Moreover, another breakthrough which is taking place is relative to the storytelling process itself: a story can be told and boosted through several channels, and Artificial Intelligence (AI) increases its engagement while supporting the social media marketing/communication strategies and their storytelling, eg. adjusting/editing the content according to the different channels and their audiences.

What’s the biggest change you’d hope to see in sport in the year ahead, and beyond that?

CW: I would love to see more and more content delivered over-the-top with less friction across cable and satellite operators in order to broaden the reach and give consumers more content choices available to them anytime, anywhere.  

ST: The availability of new internet-based content delivery and user experience technologies opens up fantastic new opportunities for sports rights holders: they can now reach any consumer in any market around the world. But to be successful, leagues and rights holders need to understand the implications, learn the new rule book and make the right strategic decisions. Among the lists of top challenges to address, protecting content and securing the business model comes close to the top.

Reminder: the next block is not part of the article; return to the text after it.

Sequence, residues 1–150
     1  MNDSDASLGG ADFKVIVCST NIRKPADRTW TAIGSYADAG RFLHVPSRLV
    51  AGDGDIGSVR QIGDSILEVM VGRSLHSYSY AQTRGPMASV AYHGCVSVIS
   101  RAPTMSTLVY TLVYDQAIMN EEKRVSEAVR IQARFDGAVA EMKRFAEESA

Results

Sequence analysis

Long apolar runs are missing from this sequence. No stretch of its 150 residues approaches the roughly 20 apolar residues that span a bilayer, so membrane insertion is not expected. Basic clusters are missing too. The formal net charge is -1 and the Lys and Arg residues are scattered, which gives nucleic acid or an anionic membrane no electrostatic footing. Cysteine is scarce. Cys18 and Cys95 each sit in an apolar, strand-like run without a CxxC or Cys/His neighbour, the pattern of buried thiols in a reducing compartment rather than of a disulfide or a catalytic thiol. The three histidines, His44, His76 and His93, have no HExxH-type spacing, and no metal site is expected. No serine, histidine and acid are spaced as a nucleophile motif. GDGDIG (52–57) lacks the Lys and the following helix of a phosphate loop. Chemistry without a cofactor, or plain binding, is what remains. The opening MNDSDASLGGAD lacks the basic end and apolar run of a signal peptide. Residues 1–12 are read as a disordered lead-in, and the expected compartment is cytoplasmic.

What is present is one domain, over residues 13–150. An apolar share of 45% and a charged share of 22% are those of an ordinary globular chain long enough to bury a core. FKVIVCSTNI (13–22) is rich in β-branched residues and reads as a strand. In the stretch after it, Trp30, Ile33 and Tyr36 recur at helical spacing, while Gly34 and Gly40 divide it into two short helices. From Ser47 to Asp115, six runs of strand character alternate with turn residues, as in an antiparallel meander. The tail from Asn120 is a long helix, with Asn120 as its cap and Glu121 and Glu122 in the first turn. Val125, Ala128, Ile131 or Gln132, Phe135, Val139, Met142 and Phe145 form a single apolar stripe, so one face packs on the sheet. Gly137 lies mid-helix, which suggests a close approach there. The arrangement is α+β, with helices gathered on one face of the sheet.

SG: First of all, I would like to see some broadcasters and events increase in the total digital content reach, as well as the establishment of some new digital sponsoring products.

In fact, technology has been making giant leaps forward in many areas. One of those developments should be the creation of interactive/engaging and personalised teasers and highlights which the audience can benefit from, in particular in terms of participation and engagement, making them follow the organisations’ platforms, and - in the long term - convert to paid users.

Is there a session or showcase you’re particularly looking forward to at SportsPro Live? If so, why?

CW: Hearing the OTT story with the English Football League. The EFL’s new OTT service, iFollow is very exciting and offers fans internationally the chance to watch their favorite club from anywhere in the world on multiple devices.

ST: We’re excited to join “The right model for the OTT era” as we see a lot of opportunities for leagues and sports rights owners to extend their distribution to either new groups of viewers or new international markets by leveraging OTT technologies. 

SG: Absolutely. The session I am particularly looking forward to is 'Harnessing OTT to enrich the fan experience'. Nowadays, it is a great issue to further study, in particular for some of the right holders who are at the beginning of their OTT projects, because it would allow them to learn from experience and make use of the new technologies now available in the market.

Simon Trudelle will be speaking at SportsPro Live, which is taking place at ExCel London from 11-12 April, more information here